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Blockchain: A Panacea to US Healthcare’s EHR Problems

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The problem(s)

The US healthcare system is riddled with inefficiency. While electronic health records (EHRs) were envisioned as a quality improvement method, they have numerous flaws that lead to increased costs and disorganized care.

EHRs’ costs are both fixed and derived. The fixed expenses encompass hardware, support staff, security software, and EHR software licensing. Derived expenditures come from EHRs’ lack of interoperability. A patient receiving care across providers has no guarantee that records between providers will be updated, and the onus is often on the patient to facilitate coordination of care. When communication does occur between providers, it is still the norm to use archaic mediums such as faxes or CDs. This inefficient and fractured system leads to repeated and unnecessary procedures and tests, further increasing costs.


Blockchain has become a buzzword in the past year. Most of this interest is fueled by its use in Bitcoin and other cryptocurrencies. However, blockchain applications extend far beyond currency exchanges.

Search frequency of ‘blockchain’ on Google over time. Data obtained using Google Trends (accessed 5/22/18). Image generated in RStudio.

Blockchain refers to a decentralized, distributed, and open ledger of records stored across multiple computers. Each record, or block, has four components:

1. Encrypted data

2. A Hash, or identifying marker derived in part from its data

3. The previous block’s hash

4. A timestamp

Decentralized, distributed, and open

Unlike most records systems that are stored on central servers, blockchains are stored across the computers (nodes) of blockchain users who each contain a copy of the blockchain. Updates, or transactions, of the blockchain initiated by individuals are first broadcasted to the entire network of computers. The entire network of nodes simultaneously works to validate the authenticity of the transaction (called mining) and then adds these transactions as a new block to the blockchain. The time this takes can be set when the blockchain is first created. For Bitcoin, the expected new block time is 10 minutes, while Ethereum, another cryptocurrency, generates new blocks in under 30 seconds.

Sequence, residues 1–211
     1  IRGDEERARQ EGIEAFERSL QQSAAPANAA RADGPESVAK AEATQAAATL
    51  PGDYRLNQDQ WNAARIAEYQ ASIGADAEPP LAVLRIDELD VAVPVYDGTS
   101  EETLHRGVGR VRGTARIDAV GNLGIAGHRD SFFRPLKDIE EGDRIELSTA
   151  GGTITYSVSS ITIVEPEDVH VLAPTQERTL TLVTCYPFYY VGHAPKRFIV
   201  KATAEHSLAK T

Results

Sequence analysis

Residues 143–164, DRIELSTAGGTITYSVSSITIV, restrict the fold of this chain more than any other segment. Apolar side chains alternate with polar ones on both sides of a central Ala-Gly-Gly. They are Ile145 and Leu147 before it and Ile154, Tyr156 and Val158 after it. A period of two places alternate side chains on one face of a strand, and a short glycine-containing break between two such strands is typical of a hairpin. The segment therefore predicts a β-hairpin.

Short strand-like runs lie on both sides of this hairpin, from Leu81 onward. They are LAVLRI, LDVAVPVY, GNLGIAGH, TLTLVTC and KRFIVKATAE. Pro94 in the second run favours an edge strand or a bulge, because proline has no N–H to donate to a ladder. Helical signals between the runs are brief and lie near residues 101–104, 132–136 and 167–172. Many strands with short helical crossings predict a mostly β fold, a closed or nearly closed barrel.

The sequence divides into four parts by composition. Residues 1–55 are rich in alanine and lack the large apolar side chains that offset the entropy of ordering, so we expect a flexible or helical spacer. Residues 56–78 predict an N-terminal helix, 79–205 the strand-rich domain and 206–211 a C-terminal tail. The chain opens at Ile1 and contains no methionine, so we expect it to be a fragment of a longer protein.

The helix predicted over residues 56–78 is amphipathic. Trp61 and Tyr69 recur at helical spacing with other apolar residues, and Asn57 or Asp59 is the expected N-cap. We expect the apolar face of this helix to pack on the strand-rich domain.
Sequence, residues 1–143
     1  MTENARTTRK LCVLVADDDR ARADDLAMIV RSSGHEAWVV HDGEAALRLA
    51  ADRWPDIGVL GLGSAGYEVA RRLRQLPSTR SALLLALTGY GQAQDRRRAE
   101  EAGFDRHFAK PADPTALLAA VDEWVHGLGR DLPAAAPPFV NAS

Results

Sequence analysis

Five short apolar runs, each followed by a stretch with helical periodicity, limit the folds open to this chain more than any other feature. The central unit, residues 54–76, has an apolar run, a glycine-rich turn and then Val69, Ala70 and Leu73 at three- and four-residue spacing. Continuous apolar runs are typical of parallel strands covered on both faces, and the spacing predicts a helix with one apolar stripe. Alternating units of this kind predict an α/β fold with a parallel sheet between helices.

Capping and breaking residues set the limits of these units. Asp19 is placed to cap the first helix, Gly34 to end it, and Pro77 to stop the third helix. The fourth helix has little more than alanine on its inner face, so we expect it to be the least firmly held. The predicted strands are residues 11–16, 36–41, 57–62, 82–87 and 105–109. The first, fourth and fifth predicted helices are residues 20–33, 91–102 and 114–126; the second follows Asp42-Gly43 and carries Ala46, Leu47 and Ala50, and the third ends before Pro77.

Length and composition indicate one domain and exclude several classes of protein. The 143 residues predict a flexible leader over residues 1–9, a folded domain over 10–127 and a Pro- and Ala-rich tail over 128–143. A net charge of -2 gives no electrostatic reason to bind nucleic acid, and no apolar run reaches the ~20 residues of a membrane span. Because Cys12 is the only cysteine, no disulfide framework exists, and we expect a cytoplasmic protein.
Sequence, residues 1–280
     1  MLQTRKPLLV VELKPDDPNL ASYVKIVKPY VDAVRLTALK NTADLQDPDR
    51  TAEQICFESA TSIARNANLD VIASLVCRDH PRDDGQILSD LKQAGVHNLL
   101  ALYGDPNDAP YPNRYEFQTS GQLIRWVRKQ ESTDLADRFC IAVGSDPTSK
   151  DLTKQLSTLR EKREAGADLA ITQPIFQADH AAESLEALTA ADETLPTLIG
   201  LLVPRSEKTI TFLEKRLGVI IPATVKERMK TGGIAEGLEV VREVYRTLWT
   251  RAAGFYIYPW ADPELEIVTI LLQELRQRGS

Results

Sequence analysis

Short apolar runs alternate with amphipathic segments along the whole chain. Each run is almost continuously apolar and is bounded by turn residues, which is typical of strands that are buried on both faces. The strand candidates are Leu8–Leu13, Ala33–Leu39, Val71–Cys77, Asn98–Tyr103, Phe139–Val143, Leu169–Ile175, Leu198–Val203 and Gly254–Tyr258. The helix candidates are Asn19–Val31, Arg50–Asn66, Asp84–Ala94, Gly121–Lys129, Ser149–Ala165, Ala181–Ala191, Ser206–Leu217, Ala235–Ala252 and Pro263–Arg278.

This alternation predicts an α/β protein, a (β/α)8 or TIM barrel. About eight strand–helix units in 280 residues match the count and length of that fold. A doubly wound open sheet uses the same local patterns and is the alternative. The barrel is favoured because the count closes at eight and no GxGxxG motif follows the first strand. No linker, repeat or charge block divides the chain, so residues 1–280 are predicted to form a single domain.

Visual of the distributed ledger. Blockchains are stored across the computers of users rather than a central server. Image credit: Tumisu/Pixabay

By containing a timestamp and the previous block’s hash within each new block, each block is linked to the previous block. Thus an uninterrupted chain of blocks is generated, a.k.a. a blockchain!

Although decentralized, openly available to any user, and updated by users — the ledger is secure and reliable. When users propose new data, or transactions, it must be validated by greater than 50% of users. Thus, to create fraudulent updates an individual would need majority control of all nodes in the network, which is unfeasible in a large user base.

Blockchain model: Proposed new transactions must be validated by >50% of users before added to the blockchain. All blocks are linked to the previous blocks by their hashes. Attempting to change one block’s data would invalidate subsequent blocks and be easily identified as fraudulent data.